Wood could become the solution to the mounting volume of space debris that NASA and other agencies are tracking.
When you think of satellite technology, you most likely associate it with the latest scientific breakthroughs and highly specialized materials like carbon fiber and titanium.
But Japanese researchers are taking a step back and are looking at ways to use wood.
Yes, wood could become the solution to the mounting volume of space debris that NASA and other agencies are tracking.
Business Insider has reported some details about the number of human made objects in orbit.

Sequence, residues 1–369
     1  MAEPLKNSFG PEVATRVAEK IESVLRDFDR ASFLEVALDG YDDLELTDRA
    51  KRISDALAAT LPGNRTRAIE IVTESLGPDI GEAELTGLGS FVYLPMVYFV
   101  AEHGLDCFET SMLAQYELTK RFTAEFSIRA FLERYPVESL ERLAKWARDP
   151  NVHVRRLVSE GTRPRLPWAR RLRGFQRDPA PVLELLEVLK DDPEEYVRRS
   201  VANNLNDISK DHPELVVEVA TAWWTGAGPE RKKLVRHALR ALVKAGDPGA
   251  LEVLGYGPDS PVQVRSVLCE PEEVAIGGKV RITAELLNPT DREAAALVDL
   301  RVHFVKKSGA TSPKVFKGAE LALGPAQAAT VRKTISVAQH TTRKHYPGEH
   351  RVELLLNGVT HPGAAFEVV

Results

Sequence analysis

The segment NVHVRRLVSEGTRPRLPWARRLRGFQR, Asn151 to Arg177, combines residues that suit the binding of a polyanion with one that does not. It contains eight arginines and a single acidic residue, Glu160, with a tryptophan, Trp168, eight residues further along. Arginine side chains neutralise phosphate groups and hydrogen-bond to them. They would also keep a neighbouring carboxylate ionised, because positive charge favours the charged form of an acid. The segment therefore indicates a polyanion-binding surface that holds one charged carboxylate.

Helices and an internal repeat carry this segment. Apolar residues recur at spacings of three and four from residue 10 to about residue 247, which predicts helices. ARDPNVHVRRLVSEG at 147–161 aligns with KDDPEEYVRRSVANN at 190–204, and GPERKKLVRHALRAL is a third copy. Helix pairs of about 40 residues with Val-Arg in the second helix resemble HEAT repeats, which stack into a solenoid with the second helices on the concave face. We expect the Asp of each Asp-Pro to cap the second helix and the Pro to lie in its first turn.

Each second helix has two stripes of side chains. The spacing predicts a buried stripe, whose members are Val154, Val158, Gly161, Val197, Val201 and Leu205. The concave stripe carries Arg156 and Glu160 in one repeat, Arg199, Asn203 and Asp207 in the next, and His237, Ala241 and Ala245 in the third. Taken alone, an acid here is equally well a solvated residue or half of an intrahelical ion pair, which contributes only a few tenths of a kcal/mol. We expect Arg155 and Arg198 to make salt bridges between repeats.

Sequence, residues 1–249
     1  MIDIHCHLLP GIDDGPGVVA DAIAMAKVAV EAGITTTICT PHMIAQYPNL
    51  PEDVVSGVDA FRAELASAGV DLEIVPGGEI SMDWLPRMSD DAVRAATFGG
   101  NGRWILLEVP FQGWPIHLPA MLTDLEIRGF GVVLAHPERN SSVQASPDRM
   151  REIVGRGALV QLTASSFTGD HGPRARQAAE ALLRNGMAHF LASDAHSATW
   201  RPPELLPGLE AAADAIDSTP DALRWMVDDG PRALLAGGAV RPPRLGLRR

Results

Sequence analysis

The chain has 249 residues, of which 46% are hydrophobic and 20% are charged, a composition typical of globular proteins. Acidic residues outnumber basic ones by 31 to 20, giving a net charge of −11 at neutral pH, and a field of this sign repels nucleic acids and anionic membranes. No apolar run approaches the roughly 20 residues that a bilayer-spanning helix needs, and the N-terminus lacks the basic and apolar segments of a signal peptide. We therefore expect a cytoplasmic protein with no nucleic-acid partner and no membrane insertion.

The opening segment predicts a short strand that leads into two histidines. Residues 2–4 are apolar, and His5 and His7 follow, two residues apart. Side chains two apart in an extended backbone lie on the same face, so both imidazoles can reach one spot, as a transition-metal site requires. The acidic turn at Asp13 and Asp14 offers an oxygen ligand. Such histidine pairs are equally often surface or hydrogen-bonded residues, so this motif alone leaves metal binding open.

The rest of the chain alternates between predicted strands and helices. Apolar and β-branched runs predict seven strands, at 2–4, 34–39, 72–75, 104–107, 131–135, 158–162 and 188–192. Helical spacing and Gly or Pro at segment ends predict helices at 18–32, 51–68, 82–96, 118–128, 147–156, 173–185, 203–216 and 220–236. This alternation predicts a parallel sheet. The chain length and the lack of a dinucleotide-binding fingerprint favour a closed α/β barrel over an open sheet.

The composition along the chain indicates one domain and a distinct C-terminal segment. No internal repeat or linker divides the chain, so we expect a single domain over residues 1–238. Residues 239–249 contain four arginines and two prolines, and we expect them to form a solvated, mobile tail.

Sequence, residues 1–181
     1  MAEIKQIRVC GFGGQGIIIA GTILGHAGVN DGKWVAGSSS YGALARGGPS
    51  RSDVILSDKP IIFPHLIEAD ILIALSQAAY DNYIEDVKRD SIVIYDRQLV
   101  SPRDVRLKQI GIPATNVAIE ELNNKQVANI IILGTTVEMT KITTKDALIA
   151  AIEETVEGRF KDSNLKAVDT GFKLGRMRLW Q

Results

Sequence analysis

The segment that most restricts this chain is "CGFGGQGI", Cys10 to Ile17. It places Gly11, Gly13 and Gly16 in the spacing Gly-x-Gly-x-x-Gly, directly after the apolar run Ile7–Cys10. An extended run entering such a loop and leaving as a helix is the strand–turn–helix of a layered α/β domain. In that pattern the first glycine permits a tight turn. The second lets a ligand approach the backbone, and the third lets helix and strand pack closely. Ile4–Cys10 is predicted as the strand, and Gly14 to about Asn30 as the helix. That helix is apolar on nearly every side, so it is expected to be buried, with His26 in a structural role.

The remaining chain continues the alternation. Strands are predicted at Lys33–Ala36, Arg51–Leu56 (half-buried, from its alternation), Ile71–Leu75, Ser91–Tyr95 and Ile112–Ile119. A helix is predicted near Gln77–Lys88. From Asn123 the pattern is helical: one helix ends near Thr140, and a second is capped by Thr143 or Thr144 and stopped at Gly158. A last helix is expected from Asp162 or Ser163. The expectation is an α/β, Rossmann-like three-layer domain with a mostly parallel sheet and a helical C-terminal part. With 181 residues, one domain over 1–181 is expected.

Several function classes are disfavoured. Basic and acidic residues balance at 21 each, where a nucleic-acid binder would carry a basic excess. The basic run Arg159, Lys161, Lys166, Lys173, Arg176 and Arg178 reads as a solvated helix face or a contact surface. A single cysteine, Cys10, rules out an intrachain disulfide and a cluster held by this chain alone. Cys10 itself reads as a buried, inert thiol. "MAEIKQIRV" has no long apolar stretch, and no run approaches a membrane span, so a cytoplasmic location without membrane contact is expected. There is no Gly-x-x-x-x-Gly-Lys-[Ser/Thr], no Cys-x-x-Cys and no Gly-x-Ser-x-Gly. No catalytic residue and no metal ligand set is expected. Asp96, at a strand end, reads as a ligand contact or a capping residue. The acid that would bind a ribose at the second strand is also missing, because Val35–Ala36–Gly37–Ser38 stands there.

”Though estimates vary, Oltrogge said the CSSI believes there are about 760,000 objects larger than a centimeter in orbit.
That number is ever increasing, especially as commercial companies launch their own constellations of satellites. Elon Musk's SpaceX has launched almost 900 Starlink high-speed-internet satellites, with plans to eventually launch 12,000 to 42,000.”
The center for this research into wooden satellites is Kyoto University, which has teamed up with a Japanese forestry company.
With the first planned launch for 2023, the goal is to cut back on the number of harmful materials that can rain down on earth when metal satellites fall out of orbit.
It’s fantastic that sometimes low-tech solutions can become the answer to some high-tech problems.